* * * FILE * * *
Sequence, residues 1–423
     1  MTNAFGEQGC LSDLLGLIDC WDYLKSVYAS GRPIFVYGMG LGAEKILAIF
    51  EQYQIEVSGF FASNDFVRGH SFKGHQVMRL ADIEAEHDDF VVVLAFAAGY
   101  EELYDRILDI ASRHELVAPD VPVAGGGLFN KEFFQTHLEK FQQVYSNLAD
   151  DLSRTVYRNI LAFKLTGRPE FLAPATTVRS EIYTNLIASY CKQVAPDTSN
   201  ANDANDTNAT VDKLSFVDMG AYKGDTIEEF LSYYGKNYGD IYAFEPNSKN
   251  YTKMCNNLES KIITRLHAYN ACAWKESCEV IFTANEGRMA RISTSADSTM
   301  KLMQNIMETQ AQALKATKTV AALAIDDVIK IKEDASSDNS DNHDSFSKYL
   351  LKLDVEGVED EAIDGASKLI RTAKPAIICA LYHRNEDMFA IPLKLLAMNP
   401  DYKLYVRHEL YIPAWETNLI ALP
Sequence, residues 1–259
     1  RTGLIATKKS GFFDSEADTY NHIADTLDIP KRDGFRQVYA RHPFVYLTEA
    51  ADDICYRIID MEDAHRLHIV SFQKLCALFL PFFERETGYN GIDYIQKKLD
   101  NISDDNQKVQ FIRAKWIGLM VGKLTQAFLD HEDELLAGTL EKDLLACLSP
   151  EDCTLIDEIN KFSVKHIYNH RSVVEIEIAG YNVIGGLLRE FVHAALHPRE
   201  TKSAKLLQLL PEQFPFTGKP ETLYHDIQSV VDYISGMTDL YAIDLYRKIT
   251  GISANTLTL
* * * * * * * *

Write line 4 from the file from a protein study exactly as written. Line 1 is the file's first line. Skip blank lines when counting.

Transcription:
   101  EELYDRILDI ASRHELVAPD VPVAGGGLFN KEFFQTHLEK FQQVYSNLAD